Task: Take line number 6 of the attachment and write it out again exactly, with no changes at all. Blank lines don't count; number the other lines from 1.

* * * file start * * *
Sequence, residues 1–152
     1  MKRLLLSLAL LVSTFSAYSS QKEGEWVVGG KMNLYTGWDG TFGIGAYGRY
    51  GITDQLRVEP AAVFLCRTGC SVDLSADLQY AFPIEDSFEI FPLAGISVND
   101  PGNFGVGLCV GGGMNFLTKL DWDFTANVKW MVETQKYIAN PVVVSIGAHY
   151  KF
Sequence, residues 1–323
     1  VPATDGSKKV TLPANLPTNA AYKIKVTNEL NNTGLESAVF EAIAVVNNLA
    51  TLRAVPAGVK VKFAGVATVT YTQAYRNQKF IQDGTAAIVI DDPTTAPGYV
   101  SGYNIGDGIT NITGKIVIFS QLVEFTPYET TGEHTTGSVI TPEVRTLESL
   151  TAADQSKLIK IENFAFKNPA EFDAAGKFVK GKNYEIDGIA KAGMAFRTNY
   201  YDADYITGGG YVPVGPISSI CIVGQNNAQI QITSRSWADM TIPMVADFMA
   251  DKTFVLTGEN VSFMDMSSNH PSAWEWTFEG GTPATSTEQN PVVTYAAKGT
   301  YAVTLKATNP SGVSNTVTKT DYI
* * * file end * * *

Sequence, residues 1–323